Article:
All in all, it was a very good book that I would recommend to most people, and I like it much, much better than any other vampire literature I have come across. Thumbs up for Bram Stoker’s Dracula!
“I saw the Count lying within the box upon the earth, some of which the rude falling from the cart had scattered over him. He was deathly pale, just like a waxen image, and the red eyes glared with the horrible vindictive look which I knew so well.”
- Mina Harker - Dracula
"...a contemporary fantasy story that inspires young people to dig deep within to find their God-given strengths and use them to overcome any obstacle. It’s a perfect blend of fantasy and science fiction with a Christian message."
There are four books in the series: RAISING DRAGONS, THE CANDLESTONE, CIRCLES OF SEVEN, and TEARS OF A DRAGON. In paperback, kindle, or audiobook.
TIP: they are excellent in any format. Just pick one and get involved!
This is an Amazon Affiliate Link.
Do dogs really have self-esteem?
I might not have been able to answer this question a few years ago. Since I've had Pilot, though, I can confidently say YES. Dogs do have self-esteem.
Most of the dogs I have owned in my life have had no lack of self-esteem. They were confident in themselves and their abilities, and they were assured that their owner felt the same way. They were not afraid to try new things, and if they failed at something, they got right back up and tried it again and again until they succeeded.
Because of this, I never questioned whether dogs had self-esteem.
And then I met Pilot.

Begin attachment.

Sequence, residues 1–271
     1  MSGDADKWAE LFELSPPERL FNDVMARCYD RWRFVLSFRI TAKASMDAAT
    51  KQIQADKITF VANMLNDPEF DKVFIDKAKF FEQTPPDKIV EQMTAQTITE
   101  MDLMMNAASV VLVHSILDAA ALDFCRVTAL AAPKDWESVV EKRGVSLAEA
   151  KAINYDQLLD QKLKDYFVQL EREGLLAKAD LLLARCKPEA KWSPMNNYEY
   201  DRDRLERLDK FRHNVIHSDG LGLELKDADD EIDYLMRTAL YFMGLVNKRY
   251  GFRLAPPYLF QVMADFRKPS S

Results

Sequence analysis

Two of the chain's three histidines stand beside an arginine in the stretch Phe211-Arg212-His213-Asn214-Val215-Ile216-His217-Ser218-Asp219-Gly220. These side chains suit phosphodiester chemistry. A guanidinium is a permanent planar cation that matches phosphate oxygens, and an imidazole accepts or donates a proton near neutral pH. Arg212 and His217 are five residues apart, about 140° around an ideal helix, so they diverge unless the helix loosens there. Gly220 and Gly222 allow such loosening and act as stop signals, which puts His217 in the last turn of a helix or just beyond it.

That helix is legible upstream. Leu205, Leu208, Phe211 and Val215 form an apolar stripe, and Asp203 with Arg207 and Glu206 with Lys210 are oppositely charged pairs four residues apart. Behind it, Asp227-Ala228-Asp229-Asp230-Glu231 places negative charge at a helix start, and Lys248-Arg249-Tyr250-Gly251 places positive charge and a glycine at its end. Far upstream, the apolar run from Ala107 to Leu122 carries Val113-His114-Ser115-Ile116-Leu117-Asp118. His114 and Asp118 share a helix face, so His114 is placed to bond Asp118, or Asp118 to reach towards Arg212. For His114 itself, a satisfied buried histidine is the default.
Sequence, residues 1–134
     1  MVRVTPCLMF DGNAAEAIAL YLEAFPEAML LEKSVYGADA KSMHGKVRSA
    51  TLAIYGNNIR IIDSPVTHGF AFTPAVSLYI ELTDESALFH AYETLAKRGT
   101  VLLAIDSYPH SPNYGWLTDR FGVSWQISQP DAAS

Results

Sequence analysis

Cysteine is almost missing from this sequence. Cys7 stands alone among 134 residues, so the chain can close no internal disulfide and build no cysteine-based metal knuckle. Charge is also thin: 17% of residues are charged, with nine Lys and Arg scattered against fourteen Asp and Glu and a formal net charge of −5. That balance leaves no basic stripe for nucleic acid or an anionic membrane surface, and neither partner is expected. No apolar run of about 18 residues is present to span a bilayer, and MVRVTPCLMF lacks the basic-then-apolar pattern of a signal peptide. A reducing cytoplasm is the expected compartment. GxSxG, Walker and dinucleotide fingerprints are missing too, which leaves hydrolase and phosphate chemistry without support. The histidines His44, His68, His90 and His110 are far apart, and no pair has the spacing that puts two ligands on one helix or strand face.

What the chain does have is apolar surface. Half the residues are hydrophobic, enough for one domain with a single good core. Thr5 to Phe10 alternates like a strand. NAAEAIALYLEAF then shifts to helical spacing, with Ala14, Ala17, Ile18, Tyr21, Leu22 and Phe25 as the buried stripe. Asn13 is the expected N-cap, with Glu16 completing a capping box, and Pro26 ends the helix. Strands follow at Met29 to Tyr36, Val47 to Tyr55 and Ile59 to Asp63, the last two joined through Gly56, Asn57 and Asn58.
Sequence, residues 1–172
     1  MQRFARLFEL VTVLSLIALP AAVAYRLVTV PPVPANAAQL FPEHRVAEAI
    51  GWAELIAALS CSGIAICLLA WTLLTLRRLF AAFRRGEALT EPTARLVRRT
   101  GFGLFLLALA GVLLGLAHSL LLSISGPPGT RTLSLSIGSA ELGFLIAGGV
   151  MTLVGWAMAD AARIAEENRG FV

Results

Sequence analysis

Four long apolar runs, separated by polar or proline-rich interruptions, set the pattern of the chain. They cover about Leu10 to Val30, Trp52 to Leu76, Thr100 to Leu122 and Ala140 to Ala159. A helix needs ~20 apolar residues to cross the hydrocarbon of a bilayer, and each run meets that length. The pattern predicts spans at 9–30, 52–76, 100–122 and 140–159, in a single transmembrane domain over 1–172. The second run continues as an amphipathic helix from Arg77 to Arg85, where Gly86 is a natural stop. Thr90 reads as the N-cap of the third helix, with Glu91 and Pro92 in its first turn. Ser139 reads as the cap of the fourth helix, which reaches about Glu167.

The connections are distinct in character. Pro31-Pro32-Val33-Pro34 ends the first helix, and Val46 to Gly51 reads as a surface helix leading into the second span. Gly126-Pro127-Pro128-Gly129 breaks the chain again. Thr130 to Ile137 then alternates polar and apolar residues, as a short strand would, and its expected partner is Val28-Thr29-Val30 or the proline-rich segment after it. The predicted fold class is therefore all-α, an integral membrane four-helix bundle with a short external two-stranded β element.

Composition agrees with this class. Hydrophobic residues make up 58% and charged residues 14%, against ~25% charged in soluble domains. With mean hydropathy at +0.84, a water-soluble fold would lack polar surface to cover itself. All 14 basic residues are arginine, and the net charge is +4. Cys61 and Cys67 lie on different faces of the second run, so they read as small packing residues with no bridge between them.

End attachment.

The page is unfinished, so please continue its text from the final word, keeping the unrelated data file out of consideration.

Pilot was easy to worry. He was clingy. He was hard to teach and train. If someone spoke one loud word he would drop to the ground like he was being punished. If he did something wrong and I said "no", he would do the same thing. Sometimes he would shut down completely and not do anything at all.
He wasn't as troubled as some dogs I've met. He was still a happy, playful pooch, ready to please me, but he just wasn't... well... I couldn't put my finger on it at the time, but he was missing something.
Then, the day came when he learned to "Roll Over" on command. The first time he did it, I threw a party and he acted surprised. The second time he did it, I threw another party and I saw a light come on in his head.
After that, Pilot became a whole new dog. He became more receptive and started learning more tricks. He would try new things, instead of shutting down. He started wandering short distances away from me on hikes, rather than sticking to me like glue. He grew more calm and confident in public. His self-esteem tripled just from learning that one trick, then it continued to grow with each new trick he learned, with every public place we visited, and with every new thing we tried.
Pilot showed me that dogs DO have self-esteem, and it can be weak or strong, just like ours.
How do you build a dog's self-esteem? Have patience, try new things with them, and set them up for success. Every time they succeed, they become a little more confident in their abilities. It can be a very long process, especially for those dogs who need their self-esteem built from the ground up. But it is very rewarding to see them gain that confidence bit by bit, and having a proud, confident dog is the goal of every dog owner, isn't it?
Here are 10 of the best ways to build up your dog's confidence:
"Wait, you're a CO-AUTHOR?"
Yes. Yes I am. I know I haven't been keeping folks updated (for many reasons of my own), but it is true. I have spent the last year or so co-writing a book with a fellow author and close friend, F.P. Spirit, and now it is FINALLY PUBLISHED! And I am so excited!!